Energy Weight In S&P 500 - Lowest Since 1990?

Energy Weight - Stocks Rally After Worst Day Of 2019

Before getting into Energy Weight let's review the markets. Historically, we have seen President Trump pull back on hawkish trade rhetoric when the stock market falls.

Fed has also helped stocks by shifting dovishly after big declines. Nothing of that nature happened on Tuesday, yet stocks still snapped back. S&P 500 was up 1.3%, Nasdaq was up 1.39%, and Russell 2000 was up 0.99%.

VIX was high on Monday and that it moved lower in the next month. That didn’t take long to happen as the VIX fell 17.97% to 20.17. It’s no longer very high. It’s in a reasonable area considering the uncertainty on trade.

Fear Is Still In The Market

Energy Weight - CNN fear and greed index increased 5 points to 27 as it went from extreme fear to just fear. In the latest AAII advisor sentiment poll, the percentage of bulls fell from 57% to 48%.

Percentage of bears was 18%. Following sentiment works best when stocks are rallying. It slowly increases in which case it indicates the market is due for a selloff. It’s tougher to follow when stocks are falling because people quickly panic.

Even if you pay to get survey information early, it’s probably too late. The stock market is a real time measurement of sentiment. CNN index uses market data, so it works in real time.

Energy Weight - Sector Action

Unsurprisingly, every sector was up on Tuesday except one. Energy fell 6 basis points. As you can see from the chart below, the energy sector’s weighting in the S&P 500 is the lowest since at least 1990.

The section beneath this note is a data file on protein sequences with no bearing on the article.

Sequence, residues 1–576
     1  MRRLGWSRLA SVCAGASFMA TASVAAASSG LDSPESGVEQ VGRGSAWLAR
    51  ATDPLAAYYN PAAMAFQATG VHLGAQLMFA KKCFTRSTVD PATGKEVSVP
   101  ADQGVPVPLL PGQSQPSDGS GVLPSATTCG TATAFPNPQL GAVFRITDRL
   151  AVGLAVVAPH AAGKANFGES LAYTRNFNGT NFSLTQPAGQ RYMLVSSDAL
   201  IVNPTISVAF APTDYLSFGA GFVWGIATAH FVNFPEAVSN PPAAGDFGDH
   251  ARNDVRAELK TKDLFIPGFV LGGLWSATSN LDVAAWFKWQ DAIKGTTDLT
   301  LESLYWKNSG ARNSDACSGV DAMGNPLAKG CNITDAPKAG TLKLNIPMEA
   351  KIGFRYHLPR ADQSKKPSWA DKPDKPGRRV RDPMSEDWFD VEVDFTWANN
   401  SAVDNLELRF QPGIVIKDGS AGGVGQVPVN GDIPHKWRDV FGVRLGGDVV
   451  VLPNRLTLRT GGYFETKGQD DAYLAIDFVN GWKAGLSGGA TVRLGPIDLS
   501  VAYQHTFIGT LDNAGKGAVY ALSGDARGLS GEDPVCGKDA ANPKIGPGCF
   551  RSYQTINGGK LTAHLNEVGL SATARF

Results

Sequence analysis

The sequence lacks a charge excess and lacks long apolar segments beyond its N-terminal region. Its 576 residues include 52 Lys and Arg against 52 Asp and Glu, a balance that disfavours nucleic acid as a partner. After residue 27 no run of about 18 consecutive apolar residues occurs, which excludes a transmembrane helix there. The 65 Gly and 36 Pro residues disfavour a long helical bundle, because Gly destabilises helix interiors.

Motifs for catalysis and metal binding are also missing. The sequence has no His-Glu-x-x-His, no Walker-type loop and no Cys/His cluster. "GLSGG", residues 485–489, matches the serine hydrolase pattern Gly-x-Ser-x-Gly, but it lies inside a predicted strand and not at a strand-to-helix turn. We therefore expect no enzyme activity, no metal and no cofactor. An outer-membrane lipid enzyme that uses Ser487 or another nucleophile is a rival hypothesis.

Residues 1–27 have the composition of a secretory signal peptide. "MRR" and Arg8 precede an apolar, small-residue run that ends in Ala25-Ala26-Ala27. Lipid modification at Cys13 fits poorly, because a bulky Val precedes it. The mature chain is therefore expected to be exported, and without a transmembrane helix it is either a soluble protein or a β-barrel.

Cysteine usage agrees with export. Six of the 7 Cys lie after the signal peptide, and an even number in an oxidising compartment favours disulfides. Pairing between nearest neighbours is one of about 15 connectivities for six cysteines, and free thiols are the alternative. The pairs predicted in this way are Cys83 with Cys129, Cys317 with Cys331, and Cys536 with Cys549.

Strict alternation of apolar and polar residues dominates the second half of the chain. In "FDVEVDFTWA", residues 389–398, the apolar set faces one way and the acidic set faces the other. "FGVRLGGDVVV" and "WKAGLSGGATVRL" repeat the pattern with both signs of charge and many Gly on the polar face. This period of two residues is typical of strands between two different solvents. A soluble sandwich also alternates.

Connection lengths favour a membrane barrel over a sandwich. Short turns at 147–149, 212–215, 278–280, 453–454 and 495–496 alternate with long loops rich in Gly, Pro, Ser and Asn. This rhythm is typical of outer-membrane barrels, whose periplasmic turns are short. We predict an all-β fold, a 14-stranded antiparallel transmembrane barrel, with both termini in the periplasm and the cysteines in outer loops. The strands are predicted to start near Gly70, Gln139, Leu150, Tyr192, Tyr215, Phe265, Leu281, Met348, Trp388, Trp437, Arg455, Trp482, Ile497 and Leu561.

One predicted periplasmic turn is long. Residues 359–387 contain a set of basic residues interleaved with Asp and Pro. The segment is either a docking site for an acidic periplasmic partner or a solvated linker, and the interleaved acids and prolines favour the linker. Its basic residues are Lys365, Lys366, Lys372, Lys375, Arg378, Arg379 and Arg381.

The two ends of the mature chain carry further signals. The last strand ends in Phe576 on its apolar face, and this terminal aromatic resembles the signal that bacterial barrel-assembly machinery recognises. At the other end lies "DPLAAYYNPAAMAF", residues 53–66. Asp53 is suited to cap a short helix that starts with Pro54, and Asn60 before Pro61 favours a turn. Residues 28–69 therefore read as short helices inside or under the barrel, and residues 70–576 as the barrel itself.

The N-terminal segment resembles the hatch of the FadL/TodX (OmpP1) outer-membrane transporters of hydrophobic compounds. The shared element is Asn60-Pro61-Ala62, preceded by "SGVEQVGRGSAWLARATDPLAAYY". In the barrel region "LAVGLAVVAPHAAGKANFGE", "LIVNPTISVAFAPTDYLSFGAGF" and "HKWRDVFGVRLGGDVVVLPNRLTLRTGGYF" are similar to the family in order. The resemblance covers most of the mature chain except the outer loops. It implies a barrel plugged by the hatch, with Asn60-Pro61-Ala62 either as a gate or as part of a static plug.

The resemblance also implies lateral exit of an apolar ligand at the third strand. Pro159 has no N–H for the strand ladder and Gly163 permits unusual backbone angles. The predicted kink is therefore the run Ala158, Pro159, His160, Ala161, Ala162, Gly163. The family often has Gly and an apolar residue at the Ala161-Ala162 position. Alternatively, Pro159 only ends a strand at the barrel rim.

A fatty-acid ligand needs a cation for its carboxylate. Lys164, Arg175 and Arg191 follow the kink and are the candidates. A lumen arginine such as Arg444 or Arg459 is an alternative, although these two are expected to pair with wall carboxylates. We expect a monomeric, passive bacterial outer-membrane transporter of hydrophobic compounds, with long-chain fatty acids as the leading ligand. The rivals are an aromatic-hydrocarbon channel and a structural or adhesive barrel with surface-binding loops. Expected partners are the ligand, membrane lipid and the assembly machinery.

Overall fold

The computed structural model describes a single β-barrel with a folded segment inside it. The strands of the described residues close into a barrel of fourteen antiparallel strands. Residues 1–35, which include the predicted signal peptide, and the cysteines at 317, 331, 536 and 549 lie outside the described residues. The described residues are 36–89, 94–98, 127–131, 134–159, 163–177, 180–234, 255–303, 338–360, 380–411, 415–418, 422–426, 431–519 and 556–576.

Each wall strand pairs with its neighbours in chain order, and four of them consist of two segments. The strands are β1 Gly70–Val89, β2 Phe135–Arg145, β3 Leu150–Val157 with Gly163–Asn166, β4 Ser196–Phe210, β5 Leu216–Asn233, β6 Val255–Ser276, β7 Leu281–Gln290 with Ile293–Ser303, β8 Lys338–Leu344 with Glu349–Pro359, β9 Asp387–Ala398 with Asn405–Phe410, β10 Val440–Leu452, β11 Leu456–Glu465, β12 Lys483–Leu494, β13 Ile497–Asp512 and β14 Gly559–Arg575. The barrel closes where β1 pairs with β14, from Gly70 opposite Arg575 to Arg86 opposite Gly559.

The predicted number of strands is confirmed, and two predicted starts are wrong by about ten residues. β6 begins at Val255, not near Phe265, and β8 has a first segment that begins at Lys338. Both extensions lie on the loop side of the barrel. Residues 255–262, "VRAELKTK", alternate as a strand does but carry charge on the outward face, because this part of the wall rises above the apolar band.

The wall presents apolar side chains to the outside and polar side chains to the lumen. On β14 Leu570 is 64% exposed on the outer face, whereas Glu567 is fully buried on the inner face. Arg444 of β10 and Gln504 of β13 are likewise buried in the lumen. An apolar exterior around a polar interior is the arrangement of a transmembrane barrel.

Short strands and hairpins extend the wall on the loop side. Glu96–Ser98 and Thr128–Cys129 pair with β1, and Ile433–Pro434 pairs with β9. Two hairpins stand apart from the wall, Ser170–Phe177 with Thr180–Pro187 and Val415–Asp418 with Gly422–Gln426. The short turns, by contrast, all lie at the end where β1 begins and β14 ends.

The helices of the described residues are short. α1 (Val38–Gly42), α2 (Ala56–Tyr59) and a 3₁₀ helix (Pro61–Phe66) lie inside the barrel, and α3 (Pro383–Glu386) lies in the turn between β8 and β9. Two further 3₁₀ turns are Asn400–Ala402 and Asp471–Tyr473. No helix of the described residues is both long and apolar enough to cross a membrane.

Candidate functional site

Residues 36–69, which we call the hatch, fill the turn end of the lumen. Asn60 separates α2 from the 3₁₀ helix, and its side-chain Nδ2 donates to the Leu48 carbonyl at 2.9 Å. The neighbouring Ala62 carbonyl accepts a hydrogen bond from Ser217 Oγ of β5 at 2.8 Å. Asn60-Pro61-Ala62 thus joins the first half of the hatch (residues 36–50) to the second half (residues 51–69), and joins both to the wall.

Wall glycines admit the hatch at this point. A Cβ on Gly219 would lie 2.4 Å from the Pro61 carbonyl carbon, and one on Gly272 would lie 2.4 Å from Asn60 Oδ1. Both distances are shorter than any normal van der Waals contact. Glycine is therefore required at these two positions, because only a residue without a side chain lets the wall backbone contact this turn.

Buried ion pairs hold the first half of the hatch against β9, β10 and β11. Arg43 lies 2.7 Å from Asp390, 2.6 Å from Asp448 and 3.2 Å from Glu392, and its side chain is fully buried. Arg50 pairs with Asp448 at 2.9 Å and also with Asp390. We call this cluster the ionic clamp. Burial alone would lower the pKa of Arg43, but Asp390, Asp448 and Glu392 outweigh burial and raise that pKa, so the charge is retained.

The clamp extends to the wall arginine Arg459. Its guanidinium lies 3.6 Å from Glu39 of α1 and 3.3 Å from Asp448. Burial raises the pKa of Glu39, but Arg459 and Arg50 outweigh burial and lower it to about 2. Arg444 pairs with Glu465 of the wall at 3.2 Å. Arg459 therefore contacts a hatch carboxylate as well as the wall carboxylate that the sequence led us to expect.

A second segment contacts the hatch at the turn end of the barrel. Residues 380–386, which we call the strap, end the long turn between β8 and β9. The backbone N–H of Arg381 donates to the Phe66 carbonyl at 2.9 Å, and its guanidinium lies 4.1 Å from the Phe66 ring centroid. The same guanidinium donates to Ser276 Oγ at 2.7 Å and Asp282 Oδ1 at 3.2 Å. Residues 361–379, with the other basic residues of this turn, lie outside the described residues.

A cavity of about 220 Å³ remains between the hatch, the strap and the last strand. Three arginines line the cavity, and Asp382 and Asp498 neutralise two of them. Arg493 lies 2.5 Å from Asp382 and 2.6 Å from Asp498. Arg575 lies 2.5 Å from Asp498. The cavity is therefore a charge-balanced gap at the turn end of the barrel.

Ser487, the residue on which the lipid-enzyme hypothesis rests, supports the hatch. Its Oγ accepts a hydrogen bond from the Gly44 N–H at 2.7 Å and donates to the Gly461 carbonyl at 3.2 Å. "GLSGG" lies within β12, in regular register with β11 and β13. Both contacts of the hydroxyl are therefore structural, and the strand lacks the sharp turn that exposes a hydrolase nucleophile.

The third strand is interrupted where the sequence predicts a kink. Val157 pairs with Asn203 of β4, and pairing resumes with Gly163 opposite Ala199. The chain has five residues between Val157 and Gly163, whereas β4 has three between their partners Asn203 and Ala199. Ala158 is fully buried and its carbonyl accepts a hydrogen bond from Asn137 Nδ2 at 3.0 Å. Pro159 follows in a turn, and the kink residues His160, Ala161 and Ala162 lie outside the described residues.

It is way below its long term average of 4.7%. To be fair, the rally in oil prices in the late 2000s doesn’t mean energy stocks should be more valuable now. Fracking has created more supply in the past decade.

Tuesday’s market was an incomplete reversal of Monday’s selloff. It wouldn’t make sense for all the losses to be regained because there’s no new evidence a trade deal is likely to be made soon. It’s my personal belief a détente or real deal will get done within the next few months. Mostly because Trump is up for election, but in terms of actual news, nothing happened.

Best 2 sectors were technology and financials as they rallied 1.61% and 1.51%. Those were the worst 2 sectors on Monday. I wouldn’t buy the financials because the Fed is still expected to cut rates. Only buy the financials if you think rates are headed higher and that the Fed will cut rates less than expected. I’d short treasuries instead of buying financials, but it’s an option.

10-2 Year Curve Comes Closer To An Inversion

Energy Weight - As of Wednesday morning, treasuries are rallying again and the difference between the 10 year yield and the 2 year yield is falling. It is close to its flattest point in the cycle. When the 10 year yield falls below the 2 year yield, there will be a lot of headlines stating how bad this is. It could cause investors to sell risk assets just like the start of the yield curve inversion caused investors to panic in late 2018.

As of Wednesday morning, the 10 year yield was at 1.68% and the 2 year yield was at 1.57%. That’s just an 11 basis point difference. It hit 11 basis points in early December. At this extreme point, a hawkish statement by the Fed simply prevents the market from pricing in more rate cuts rather than actually pricing in less rate cuts.